Table of Relative Working and Physical Properties - Metric

Relative Working Properties

  • 1 = Fair
  • 2 = Good
  • 3 = Very Good
  • 4 = Excellent
Species
Machining
Resistance to Splitting in Nailing & Screwing
Nail and Screw Holding Ability
Gluing
Douglas-fir
2
3
3
3
Western larch
2
2
3
3
Engelmann spruce
3
4
1
4
Western hemlock
2
3
3
3
Noble fir
2
4
2
4
Grand Fir
2
4
2
4
Subalpine fir
2
4
1
4
Pacific silver fir
2
3
2
4
California red fir
2
4
2
4
Ponderosa pine
3
4
2
3
Western white pine
4
4
2
4
Sugar pine
4
4
2
3
Lodgepole pine
3
3
2
3
White spruce
2
4
2
3
Sitka spruce
3
4
2
4
Alaska yellow-cedar
4
4
2
2
Port-Orford-cedar
4
4
2
2
Incense-cedar
4
4
2
4
Western redcedar
3
3
1
4
Redwood
2
4
2
4
Western juniper
3
3
4
4
Red alder
4
3
3
4
Bigleaf maple
3
3
3
4
Oregon white oak
4
2
4
2
Tanoak
4
2
4
2
Paper birch
4
2
3
2
California black oak
4
2
4
2
Black cottonwood
2
4
1
4
Golden chinkapin
2
3
3
3
Pacific madrone
4
2
4
3
Myrtlewood
3
2
3
4

Sources:
Oregon State University, College of Forestry, Department of Wood Science & Engineering
Wood Handbook: Wood as an Engineering Material (USDA Agricultural Handbook No. 72) Prepared by: U.S. Forest Products Laboratory
Western Wood Products Association and Western Hardwood Association

Physical Properties

Species
Specific Gravity (12% MC)
Avg. Shipping Wt. (kgs/m3)
Air dry     Green
% Across the Grain Shinkage (6% MC)
Modulus of Rupture (K. Pascals)
Modulus of Elasticity (M. Pascals)
Side Hardness (Newtons)
Douglas-fir
0.48
545     689
7.6
85000
13400
3200
Western larch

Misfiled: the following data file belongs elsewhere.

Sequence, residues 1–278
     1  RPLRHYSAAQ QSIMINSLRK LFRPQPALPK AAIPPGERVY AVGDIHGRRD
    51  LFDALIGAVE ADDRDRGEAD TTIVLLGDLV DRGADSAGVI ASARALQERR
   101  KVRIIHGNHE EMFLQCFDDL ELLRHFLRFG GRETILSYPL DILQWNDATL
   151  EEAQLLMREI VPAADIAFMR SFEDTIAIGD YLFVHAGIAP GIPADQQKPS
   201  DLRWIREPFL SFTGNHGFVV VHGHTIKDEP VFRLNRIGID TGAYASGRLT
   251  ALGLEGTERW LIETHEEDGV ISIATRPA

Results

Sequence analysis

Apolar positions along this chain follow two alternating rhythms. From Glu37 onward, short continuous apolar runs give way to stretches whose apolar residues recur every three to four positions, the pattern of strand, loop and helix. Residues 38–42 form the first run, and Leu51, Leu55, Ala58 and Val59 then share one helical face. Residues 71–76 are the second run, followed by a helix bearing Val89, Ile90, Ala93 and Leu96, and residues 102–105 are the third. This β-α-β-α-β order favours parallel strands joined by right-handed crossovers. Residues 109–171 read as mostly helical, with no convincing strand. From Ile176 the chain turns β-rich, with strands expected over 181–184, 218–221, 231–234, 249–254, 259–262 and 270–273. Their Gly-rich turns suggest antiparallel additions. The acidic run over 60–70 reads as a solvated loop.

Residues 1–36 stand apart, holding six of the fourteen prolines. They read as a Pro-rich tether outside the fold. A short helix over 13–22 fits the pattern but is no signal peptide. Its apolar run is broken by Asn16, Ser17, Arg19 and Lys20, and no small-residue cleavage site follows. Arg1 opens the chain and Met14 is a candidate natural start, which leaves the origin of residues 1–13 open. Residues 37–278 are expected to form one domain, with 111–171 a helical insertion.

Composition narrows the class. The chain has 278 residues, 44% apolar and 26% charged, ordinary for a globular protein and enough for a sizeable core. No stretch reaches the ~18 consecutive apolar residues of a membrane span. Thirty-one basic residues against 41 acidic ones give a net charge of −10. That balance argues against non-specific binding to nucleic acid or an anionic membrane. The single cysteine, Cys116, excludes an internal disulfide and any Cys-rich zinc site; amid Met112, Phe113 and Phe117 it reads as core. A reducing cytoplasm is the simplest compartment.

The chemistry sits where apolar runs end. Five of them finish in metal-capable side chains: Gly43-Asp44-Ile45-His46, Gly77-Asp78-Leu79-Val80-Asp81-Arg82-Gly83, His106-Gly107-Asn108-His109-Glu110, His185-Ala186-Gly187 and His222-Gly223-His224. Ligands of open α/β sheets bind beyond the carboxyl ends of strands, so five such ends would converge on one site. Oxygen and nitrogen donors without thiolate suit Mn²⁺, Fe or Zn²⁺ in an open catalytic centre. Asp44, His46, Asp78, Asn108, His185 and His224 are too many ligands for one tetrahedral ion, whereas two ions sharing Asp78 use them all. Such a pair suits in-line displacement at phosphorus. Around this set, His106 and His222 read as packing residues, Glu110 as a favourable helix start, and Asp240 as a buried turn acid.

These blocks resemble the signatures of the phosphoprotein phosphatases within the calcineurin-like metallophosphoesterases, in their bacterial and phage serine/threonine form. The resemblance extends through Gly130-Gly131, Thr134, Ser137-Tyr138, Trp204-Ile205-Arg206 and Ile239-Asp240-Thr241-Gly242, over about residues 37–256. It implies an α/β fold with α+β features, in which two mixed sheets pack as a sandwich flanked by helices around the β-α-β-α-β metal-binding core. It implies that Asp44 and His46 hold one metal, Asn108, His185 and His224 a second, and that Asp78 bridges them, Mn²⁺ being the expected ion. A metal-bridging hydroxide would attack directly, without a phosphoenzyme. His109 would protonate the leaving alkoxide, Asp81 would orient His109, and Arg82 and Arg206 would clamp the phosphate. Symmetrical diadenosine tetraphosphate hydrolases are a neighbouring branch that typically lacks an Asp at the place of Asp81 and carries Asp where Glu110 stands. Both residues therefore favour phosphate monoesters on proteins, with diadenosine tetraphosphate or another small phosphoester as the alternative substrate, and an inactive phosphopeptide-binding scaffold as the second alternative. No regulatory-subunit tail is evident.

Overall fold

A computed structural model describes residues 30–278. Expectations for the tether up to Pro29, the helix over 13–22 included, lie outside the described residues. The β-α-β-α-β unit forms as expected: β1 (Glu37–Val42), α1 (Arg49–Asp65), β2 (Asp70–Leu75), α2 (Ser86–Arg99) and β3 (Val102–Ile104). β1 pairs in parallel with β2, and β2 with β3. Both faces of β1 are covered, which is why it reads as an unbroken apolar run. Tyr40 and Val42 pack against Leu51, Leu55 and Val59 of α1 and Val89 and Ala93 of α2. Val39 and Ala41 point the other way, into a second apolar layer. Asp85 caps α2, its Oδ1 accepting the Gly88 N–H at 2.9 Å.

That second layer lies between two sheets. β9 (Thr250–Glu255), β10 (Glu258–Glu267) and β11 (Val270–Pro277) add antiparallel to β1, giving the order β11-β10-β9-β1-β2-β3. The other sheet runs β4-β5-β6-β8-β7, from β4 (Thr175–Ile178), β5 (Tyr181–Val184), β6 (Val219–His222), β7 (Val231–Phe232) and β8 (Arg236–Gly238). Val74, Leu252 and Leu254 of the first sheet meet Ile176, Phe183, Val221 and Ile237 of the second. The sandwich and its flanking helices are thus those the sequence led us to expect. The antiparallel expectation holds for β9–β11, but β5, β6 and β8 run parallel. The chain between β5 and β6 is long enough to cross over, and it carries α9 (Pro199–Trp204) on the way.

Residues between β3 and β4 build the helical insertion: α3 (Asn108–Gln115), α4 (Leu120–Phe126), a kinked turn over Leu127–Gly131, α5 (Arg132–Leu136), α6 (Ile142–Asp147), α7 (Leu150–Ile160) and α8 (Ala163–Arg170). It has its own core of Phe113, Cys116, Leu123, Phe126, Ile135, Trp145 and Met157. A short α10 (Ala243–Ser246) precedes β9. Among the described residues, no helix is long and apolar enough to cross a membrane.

0.52
577     801
9.1
90000
12900
3700
Engelmann spruce
0.35
432     577
7.1
64000
8900
1750
Western hemlock
0.45
497     657
7.8
78000
11300
2400
Noble fir
0.39
416     481
8.3
74000
11900
1800
Grand Fir
0.39
416     753
7.0
68000
10300
2100
Subalpine fir
0.32
449     721
7.5
61000
10800
2200
Pacific silver fir
0.43
432     577
9.2
73000
11900
1900
California red fir
0.38
432     769
7.9
72000
10300
2200
Ponderosa pine
0.40
449     721
6.2
65000
8900
2000
Western white pine
0.38
432     561
7.4
67000
10100
1900
Sugar pine
0.36
400     833
5.6
57000
8200
1700
Lodgepole pine
0.41
465     625
6.7
65000
9200
2100
White spruce
0.36
449     561
8.2
68000
9200
2100
Sitka spruce
0.40
449     529
7.5
78000
10800
2300
Alaska yellow-cedar
0.44
497     577
6.8
77000
9800
2600
Port-Orford-cedar
0.43
465     577
6.9
88000
11700
2800
Incense-cedar
0.37
416     721
5.2
55000
7200
2100
Western redcedar
0.32
368     432
5.0
51700
7700
1600
Redwood
(young growth)
0.35
449     801
4.7
54000
7600
1900
Western juniper
0.44
480     800
4.7
53000
6100
2800
Red alder
0.41
449     737
7.3
68000
9500
2600
Bigleaf maple
0.48
545     753
7.1
74000
10000
3800
Oregon white oak
0.72
801     1105
9.0
71000
10000
7400
Tanoak
0.66
657     993
10.0
112000
12000
6200
Paper birch
0.55
609     881
9.9
85000
11000
4000
California black oak
0.57
641     1157
6.6
60000
6800
4900
Black cottonwood
0.35
384     737
8.6
57000
8700
1600
Golden chinkapin
0.46
513     977
7.4
74000
8500
3200
Pacific madrone
0.65
721     961
11.9
72000
8500
6500
Myrtlewood
0.55
625     865
8.1
55000
6500
5600

Source:
Wood Handbook: Wood as an Engineering Material (USDA Agricultural Handbook No. 72) Prepared by: U.S. Forest Products Laboratory